[Fig. 7] On the bluff facing the Savannah River are nine blocks of renovated cotton warehouses that house about 80 restaurants, pubs, night spots, hotels, shops, galleries, and boutiques. Adding to the sight-seeing is a working harbor of huge, building-size cargo ships, tug boats, and sailing ships that are seen plowing the murky waters of the Savannah River. During the day, families stroll alongside the river, eating ice cream cones and browsing in gift shops. At suppertime, people are seen feasting on seafood and steaks in some of Savannah's best restaurants. Come sundown, Savannah's night life kicks in, and couples amble through the streets as live music reverberates out of pubs and nightclubs.
On River Street, there are several good options for lodging that offer a view of Savannah's main natural attraction (the river), along with quick walking access to River Street, City Market, and the historic squares of the city.
It hasn't always been this way. The city had turned its back on the historic waterfront, which was abandoned and deteriorating when a wide-ranging group of civic leaders joined forces in the early 1970s to create the River Street Urban Renewal Project. When the work was finished in 1977, approximately 80,000 square feet of abandoned warehouse space on the historic waterfront had been transformed into Savannah's most popular tourist attraction. Additional improvements have produced an attractive city park that hosts many festivals and special events.
The ambiance of the waterfront is an atmospheric fusion of nineteenth century old-world charm and twentieth century tourist potpourri. Stony ramps that connect Bay Street with River Street are made of English ballast stones, which gave schooners added stability for their trips from Europe, only to be thrown out and replaced with cotton bales in Georgia. The stones were used in buildings and walkways, and became the foundation of ballast stone islands found today in river channels.
Along the waterfront are two memorials worth closer examination. One is the Waving Girl, a 1971 statue by Felix De Weldon that honors Florence Martus, a Savannahian who greeted every ship entering the port from 1887 to 1931 by waving a cloth from her home on Elba Island (see Cockspur Beacon). The other is a memorial to the 1996 Olympics, during which Savannah hosted the yachting event.
On the bluff next to Bay Street are the gold-domed City Hall, Factors Walk, and Emmet Park (see Historic Parks and Cemeteries). City Hall was built in 1905 on the site of the Old City Exchange. Notice the bench commemorating Oglethorpe's landing on February 12, 1733. Factors Walk once housed the offices of nineteenth century cotton merchants. Today, a variety of businesses call it home. Of interest to the historian are the Washington Guns, presented by George Washington when he visited Savannah in 1791. The bronze cannons were captured from the British at Yorktown.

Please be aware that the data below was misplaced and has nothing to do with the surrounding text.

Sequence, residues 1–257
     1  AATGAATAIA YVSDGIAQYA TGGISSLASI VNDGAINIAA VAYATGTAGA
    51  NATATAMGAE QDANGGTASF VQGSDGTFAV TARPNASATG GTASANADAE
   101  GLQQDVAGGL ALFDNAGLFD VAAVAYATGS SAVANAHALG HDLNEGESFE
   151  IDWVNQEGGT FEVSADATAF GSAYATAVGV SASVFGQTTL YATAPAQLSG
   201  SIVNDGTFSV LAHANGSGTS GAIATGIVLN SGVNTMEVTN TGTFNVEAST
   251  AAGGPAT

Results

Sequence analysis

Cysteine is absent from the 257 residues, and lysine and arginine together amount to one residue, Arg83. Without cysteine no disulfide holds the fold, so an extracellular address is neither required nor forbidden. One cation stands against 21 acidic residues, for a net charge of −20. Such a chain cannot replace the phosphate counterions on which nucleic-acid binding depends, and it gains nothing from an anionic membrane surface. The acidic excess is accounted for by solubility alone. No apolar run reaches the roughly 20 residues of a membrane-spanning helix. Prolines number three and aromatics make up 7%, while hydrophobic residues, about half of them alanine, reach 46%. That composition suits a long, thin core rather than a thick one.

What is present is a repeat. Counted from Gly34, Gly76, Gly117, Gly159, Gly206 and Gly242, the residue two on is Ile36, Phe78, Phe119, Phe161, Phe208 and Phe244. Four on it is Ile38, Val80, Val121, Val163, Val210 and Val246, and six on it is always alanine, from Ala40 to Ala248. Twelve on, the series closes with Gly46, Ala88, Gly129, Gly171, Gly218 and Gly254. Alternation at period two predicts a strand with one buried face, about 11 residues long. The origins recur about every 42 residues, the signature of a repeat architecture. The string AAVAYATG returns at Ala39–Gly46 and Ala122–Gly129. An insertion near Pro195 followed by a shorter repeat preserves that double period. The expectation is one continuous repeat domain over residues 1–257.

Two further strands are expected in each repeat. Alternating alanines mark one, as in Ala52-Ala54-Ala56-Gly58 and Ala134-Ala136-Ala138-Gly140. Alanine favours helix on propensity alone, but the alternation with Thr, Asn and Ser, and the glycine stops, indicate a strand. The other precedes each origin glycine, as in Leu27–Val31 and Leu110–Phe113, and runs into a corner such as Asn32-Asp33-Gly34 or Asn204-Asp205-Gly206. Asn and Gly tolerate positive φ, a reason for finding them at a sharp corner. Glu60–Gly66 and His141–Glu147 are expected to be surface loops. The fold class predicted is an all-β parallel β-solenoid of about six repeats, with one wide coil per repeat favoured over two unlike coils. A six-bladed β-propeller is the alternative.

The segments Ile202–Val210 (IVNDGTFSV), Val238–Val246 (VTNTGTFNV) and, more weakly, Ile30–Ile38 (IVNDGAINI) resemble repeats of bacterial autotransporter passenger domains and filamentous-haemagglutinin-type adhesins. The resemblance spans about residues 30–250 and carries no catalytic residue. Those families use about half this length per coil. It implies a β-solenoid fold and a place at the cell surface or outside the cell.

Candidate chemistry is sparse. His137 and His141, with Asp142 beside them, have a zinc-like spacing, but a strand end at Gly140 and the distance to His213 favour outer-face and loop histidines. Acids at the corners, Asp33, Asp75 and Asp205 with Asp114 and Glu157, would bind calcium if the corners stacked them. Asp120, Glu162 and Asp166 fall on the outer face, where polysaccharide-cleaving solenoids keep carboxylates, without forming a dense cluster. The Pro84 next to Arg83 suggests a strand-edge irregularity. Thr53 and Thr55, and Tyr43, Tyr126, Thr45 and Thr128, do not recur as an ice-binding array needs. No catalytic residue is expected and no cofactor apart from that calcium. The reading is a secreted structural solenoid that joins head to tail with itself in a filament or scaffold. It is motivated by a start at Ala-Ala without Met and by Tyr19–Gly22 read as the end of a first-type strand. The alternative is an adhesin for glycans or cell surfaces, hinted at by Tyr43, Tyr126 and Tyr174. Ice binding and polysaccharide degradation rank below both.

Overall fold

Old Harbour Inn. 508 E. Factors Walk. A former factory built in 1892, this modernized inn features suites with kitchens, living rooms, and balconies where one can watch ships navigating the Savannah River. Full continental breakfast, evening cordials, and turndown service are part of the inn's charm. Moderate to expensive. (800) 553-6533. River Street Inn. 115 E. River Street. Built circa 1853, this cotton warehouse serves as a beautifully furnished inn and offers "the charm of an inn with the convenience of a full-service hotel." Can't disagree. Huey's is located here (see below). Moderate to expensive. (800) 253-4229. Hyatt. 2 W. Bay Street. If you are looking for a totally modern hotel with all the amenities, this is your best choice. Rising seven stories, some rooms have views of the river. Restaurant, lounge, and indoor pool are part of the building. Moderate to expensive. (800) 233-1234. Mulberry Inn. 601 E. Bay Street. Across the street from Factors Walk and River Street, this sumptuous inn, with eighteenth century paintings, crystal chandeliers, and a lush courtyard, features first-class Southern hospitality. Moderate to expensive. (800) 465-4329.
Huey's. 115 E. River Street. This Cajun/Creole restaurant is one of Savannah's most popular breakfast spots, offering rich coffee, beignets, omelets, and pancakes. Lunch and dinner offer traditional New Orleans fare such as étouffé and jambalaya. Breakfast, lunch, dinner. Moderate. (912) 234-7385. River House. 125 W. River Street. Seafood creations and a stylish, fine dining atmosphere in an 1810 cotton warehouse. Mesquite grilled fish, fresh from the Atlantic. Extensive wine list. Lunch and dinner. Moderate to expensive. (912) 234-1900. The Shrimp Factory. 313 E. River Street. Pine Bark Stew is one signature item, as well as large cocktails, chargrilled fish and steaks, and, oh yeah, great shrimp dishes. Lunch and dinner. Moderate. (912) 236-4229. W.G. Shuckers. 225 W. River Street. This locals' favorite, a mainstay on River Street, is a great place for fresh oysters, cold beer, she-crab soup, and a full menu of seafood specials. Lunch and dinner. Moderate. (912) 443-0054.
Billy Bob's. 21 E. River Street. Newcomer on the street features bar food with a Western twang. Barbecue, steaks, and burgers. Bluegrass music. Lunch and dinner. (912) 234-5588. Kevin Barry's. 117 W. River Street. This friendly Irish pub has food, live Irish music sing-alongs, a deck for watching River Street action, and is ground-zero on St. Patrick's Day. (912) 233-9626. The Warehouse. 18 E. River Street. Live music, drink specials, pool, and darts. (912) 234-6003. Wet Willie's. 101 E. River Street. Frozen daiquiris and bar food basics. (912) 233-5650.
Read and add comments about this page